In another place, in another life (ie, my day job), I manage social media for a nonprofit. If that sounds boring, that’s because I don’t use ridiculous phrases like “social media guru”—because I’m a self-respecting human being.

Anywho. I do the social mediaz for a living, and, I should say that for the longest time my platform of choice was Facebook—until it went public, that is. After the company launched its disappointing IPO, things began to change. They changed algorithms, essentially quashing the small publisher (and, might I add, small nonprofit) user base. We began to see more clickbait, fewer wedding announcements. The platform that began with “[Your name] is…” has come to the avenue where personal connections matter less than referral traffic.

I noticed something else along the way, as well. As a libertarian, I was beginning to see more links, statuses, memes, and rants from my fellow libertarian friends—and less and less from my college friends, 99% of whom were liberal, or from my family, who are 99% conservative. What gives? I like those people, enjoy talking with those people, even when we don’t agree. In fact, I probably enjoy talking to those people more when they don’t disagree because they’re less likely to pull a No True Scotsman or straw man me and send me into a blind, seething rage that makes me want to push through a computer screen and shake the person by the shoulders screaming, “WHY DO YOU EXIST?!”

Why have these people, with whom I generally enjoy conversing, did so on a regular basis on my Facebook page (oh, sorry, excuse me. My “timeline”), suddenly vanished? Likely because Facebook was giving me what it thought I wanted. After all, if Facebook determines what I want to see more of by the data I put into it—the things I “like” and what I click through to read—why wouldn’t it think that I wanted to see more from my libertarian friends? After all, social media conscious woman though I am, even I am not immune to the impulse to “like” something I agree with and move on with my life.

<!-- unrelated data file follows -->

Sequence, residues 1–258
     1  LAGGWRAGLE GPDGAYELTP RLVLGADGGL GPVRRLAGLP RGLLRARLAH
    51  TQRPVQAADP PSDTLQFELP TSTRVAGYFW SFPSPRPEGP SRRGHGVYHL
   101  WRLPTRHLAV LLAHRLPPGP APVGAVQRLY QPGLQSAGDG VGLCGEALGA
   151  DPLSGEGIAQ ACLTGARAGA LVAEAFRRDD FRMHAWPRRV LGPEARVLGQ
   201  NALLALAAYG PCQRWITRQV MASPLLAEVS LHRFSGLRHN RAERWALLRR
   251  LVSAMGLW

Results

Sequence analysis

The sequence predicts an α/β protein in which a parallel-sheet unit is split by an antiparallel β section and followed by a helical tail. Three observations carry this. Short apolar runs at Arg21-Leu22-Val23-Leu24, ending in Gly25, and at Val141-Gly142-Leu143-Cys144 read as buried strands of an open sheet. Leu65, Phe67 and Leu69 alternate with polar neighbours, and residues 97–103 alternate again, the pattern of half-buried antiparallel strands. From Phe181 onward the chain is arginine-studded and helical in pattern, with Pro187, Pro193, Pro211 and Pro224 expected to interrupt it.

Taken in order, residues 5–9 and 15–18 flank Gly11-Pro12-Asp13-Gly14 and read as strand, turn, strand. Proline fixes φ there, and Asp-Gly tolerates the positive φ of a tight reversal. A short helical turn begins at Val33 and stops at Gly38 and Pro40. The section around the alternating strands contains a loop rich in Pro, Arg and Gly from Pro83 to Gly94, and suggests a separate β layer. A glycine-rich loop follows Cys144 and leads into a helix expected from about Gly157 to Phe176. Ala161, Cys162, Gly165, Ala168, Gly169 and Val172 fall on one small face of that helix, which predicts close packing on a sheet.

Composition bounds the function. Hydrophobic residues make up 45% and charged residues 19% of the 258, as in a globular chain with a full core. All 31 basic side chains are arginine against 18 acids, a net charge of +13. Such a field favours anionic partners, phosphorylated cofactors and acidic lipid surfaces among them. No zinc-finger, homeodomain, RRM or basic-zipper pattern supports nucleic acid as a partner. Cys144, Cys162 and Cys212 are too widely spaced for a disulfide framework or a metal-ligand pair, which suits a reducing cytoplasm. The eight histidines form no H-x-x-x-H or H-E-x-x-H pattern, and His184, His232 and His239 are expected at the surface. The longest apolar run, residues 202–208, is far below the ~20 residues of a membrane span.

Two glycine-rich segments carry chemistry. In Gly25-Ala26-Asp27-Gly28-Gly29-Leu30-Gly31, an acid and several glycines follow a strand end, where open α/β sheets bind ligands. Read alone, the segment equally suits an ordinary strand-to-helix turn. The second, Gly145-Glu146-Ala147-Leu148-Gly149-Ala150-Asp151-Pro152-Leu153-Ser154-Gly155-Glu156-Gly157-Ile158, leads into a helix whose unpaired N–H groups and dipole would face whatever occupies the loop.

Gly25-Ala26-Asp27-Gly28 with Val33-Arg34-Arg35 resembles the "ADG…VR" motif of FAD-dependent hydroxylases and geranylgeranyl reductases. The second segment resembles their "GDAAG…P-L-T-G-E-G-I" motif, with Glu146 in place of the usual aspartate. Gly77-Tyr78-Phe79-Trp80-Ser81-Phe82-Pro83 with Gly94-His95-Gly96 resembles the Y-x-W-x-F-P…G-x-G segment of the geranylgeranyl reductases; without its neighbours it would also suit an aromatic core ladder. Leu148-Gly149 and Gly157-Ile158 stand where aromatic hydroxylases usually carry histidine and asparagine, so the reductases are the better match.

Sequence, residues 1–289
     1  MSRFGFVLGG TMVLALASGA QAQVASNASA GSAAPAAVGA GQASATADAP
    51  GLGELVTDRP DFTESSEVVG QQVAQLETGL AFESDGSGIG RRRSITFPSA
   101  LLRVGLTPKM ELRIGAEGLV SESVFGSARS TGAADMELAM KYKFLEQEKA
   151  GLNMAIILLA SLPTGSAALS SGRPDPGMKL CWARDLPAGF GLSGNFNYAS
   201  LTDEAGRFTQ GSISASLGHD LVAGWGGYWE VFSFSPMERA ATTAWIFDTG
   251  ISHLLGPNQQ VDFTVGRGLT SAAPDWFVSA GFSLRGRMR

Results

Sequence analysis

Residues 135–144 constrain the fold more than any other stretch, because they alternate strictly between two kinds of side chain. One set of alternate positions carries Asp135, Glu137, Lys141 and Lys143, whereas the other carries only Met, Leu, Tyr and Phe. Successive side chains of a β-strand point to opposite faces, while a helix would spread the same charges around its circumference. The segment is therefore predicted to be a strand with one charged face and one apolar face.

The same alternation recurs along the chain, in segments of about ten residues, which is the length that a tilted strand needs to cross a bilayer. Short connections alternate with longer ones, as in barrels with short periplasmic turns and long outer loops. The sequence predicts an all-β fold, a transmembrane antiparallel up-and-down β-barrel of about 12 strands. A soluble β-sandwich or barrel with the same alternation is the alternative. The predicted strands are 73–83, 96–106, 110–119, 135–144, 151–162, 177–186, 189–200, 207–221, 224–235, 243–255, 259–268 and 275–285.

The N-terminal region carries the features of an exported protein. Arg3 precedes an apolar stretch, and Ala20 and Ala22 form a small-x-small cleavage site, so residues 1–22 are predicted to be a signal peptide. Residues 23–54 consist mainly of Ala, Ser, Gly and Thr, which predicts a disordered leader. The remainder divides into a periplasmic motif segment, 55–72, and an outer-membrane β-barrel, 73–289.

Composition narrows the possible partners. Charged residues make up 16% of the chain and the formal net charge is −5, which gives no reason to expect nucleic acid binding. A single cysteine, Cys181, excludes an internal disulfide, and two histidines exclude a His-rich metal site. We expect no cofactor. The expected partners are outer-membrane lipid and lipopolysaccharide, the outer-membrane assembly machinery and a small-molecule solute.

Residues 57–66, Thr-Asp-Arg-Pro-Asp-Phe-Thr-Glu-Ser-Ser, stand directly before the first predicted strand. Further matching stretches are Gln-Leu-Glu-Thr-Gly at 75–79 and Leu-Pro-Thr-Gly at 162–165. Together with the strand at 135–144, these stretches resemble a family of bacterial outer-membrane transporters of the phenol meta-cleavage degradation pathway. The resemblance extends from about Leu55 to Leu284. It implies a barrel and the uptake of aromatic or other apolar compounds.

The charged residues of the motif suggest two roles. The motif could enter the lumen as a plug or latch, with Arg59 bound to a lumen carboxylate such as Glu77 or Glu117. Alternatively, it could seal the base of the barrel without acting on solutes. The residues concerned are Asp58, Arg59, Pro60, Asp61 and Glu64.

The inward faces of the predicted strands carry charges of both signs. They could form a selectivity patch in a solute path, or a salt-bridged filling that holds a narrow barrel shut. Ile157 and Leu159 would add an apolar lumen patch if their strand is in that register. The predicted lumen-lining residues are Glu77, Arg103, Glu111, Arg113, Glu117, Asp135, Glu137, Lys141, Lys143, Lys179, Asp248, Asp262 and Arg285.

Therein lies the problem. Facebook’s algorithm (or, really, any algorithm based on spontaneous feedback) thinks it knows me and attempts to get me more of what it thinks I want. And, to Casual Reader Gina, that may be what I want: to skim a page and see all my biases and worldviews confirmed and reaffirm that I am indeed Awesome and Right.

But that is not what I need. That is not what anyone needs, to be constantly affirmed in what they believe. It is fundamentally good to be confronted with ideas that you don’t agree with, even when they seem outrageous or offensive.

The problem is that there’s no real easy way to get what you need through Facebook or other algorithm-based feeds. Sure, you can go in and create lists and make sure to constantly check the list of people you respect but don’t agree with. But doing that is kinda like eating Brussels sprouts: You know you should do it, but if doing it’s a chore, you’re going to do it a lot less often.

There’s no survey, no settings to fiddle with, no one to contact at Headquarters to say “Hey, can you reset my algorithm preferences? Kthxbai.” If I wanted to counter the Facebook algorithm, I’d have to spend days, weeks, years, going through and consciously liking things I didn’t agree with just to get them to my screen. So the only people getting what they need are people who care enough to make the conscious effort—and quite a large effort at that.

Is this what our world of ideas has come to?